Which documents say what?
What shapes our sense of history if we also acknowledge that history is not the past but the commons (live)?1
Sit. Sit here. Sit here in this darkened room, built into the hillside, made of cast textured cement. The wind blows a gale outside as is usual for this time of year. Forever autumn; that feeling of a teenager, so alive to the world, the stretch and chisel of the bones growing into the body. But also the stretch and chisel of that teenager-into-worldness.
Sit. Sit here. Sitting here, in this darkened room, the click of the 35mm slide projector. Travelling through time through details of draping and pointed feet, arching across marble floors, bodies leaning into crossed swords, moons and suns, forests.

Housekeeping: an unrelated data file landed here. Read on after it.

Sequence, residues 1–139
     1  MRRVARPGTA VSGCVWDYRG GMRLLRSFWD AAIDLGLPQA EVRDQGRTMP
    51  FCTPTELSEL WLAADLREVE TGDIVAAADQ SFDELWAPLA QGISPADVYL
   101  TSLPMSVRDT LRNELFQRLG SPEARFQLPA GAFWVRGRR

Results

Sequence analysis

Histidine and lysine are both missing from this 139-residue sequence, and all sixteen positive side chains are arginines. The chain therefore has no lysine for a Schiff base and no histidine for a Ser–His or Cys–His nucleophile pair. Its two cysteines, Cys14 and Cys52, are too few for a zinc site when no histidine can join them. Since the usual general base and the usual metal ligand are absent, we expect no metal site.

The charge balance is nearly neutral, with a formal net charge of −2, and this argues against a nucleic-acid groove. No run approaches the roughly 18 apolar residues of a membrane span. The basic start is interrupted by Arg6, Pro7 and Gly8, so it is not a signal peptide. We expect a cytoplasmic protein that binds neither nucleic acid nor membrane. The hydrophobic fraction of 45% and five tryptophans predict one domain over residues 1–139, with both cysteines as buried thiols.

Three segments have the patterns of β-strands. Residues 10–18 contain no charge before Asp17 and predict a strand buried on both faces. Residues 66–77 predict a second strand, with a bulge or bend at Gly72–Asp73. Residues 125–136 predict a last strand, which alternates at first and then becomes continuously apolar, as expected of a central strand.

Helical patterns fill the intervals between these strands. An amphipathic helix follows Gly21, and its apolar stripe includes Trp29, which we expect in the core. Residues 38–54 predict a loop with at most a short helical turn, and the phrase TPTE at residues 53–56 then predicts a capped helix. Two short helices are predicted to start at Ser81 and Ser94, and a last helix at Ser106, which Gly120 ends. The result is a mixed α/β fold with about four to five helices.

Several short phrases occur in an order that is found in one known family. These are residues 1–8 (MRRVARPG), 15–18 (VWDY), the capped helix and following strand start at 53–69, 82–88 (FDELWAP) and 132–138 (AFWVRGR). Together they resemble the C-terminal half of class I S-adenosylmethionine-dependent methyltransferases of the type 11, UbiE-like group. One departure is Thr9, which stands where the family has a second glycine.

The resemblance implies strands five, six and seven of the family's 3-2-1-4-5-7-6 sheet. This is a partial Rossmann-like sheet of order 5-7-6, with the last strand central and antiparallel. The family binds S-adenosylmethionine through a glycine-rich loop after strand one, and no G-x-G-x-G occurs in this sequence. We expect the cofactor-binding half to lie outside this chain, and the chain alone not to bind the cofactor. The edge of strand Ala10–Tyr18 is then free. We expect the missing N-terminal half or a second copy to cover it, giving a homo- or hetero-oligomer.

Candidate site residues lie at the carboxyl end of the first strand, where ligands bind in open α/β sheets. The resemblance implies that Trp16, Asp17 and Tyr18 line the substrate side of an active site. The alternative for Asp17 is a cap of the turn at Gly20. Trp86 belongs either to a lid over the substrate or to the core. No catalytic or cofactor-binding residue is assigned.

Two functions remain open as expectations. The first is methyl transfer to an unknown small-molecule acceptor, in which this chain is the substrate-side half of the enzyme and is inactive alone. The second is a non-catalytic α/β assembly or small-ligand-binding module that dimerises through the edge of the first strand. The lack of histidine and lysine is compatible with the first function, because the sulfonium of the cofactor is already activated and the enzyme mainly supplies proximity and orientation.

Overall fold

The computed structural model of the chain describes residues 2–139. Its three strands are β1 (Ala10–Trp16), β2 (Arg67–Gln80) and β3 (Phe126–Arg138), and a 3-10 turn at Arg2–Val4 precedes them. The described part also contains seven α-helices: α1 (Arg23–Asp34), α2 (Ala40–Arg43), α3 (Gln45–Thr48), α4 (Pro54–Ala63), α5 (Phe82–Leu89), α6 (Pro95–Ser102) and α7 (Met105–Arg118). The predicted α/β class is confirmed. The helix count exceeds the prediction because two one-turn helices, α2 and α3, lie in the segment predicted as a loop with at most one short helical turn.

Bodies cast in light, against darkness.
Bodies from a distant time and place, those same bodies through which we—us—in that darkened room had been asked to read the world. The world order as we knew it then, 1996, as if western Europe, but Wellington.
I never learned as much as I did in sixth-form art history: Power, oppression, arousal, control, limitation, prejudice, inequity, the seasons, explosiveness, rebellion, and pure and utter joy.
It was there I understood that art, at least for me, offered the manifold answers to what I could see, even at sixteen, was the contradiction of human lived experience: The sensations of chains being wrapped around skin to control, the sensations of those same chains being used to adorn and seduce, those same chains being broken across the floor, rendered useless.